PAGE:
3 Other techniques

3.1 Storing polynomial data in a file

In PolyBoRi we have default file format and tools, which read the files and generate references for our test suite.

The format is a normal Python-file with a few exceptions:

declare_ring([Block("x",4, reverse=False)]) 

The data file can be loaded using the following commands.

In [1]: from polybori.gbrefs import load_file 
In [2]: data=load_file("data-sample.py") 
In [3]: data.ideal 
Out[3]: [x(1) + x(3), x(0) + x(1)*x(2)]

3.2 Reinterpretation of Boolean sets as subsets of the vector space 2n

Let S be a Boolean set. For example:

In [1]: S=BooleSet([x(0),x(1)*x(2)]) 
In [2]: S 
Out[2]: {{x(1),x(2)}, {x(0)}}

S is a set of sets of variables. Our usual interpretation is to identify it with a polynomial with corresponding terms:

In [3]: Polynomial(S) 
Out[3]: x(1)*x(2) + x(0)

Another interpretation is to map a set of variables m to a vector v in 2n. The i-th entry of v is set to 1, if and only if the i-th variable occurs in m. So we can identify {x0} with (1,0,0) and {x1,x2} with (0,1,1) in 23. Extending this identification from sets of variables to sets of set of variables we can identify S with {(1,0,0),(0,1,1)}. Note, that the choice of n as 3 was not determined by S. In fact every bigger n would have also been a candidate. For this reason, some procedures interpreting Boolean sets as subsets of 2n taking the monomial ambient space as an additional parameter. The full vector space can be constructed by multiplying all needed variables and the set of divisors of the product.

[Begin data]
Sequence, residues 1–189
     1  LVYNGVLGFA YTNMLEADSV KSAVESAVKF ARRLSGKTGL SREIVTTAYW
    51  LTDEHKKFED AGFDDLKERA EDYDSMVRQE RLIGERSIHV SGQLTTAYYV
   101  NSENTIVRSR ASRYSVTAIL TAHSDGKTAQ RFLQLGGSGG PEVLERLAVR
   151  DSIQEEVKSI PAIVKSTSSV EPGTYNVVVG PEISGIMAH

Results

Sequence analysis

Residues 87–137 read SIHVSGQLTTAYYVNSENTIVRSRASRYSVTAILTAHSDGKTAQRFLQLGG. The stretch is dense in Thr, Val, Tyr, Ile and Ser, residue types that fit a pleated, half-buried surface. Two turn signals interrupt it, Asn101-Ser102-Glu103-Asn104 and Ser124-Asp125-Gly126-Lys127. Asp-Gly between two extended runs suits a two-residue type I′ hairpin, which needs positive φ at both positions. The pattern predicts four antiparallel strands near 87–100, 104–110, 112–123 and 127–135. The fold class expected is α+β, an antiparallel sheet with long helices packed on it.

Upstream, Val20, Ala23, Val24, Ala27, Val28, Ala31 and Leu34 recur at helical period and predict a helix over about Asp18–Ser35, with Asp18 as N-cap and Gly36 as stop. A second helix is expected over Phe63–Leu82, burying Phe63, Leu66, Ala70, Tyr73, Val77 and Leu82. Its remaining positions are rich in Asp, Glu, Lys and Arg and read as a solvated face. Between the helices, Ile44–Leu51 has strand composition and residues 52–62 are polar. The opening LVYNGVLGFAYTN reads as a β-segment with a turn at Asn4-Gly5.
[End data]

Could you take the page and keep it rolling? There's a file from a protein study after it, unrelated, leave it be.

In [4]: (x(1)*x(2)*x(3)).divisors() 
Out[4]: {{x(1),x(2),x(3)}, {x(1),x(2)}, 
        {x(1),x(3)}, {x(1)}, {x(2),x(3)}, {x(2)}, {x(3)}, {}}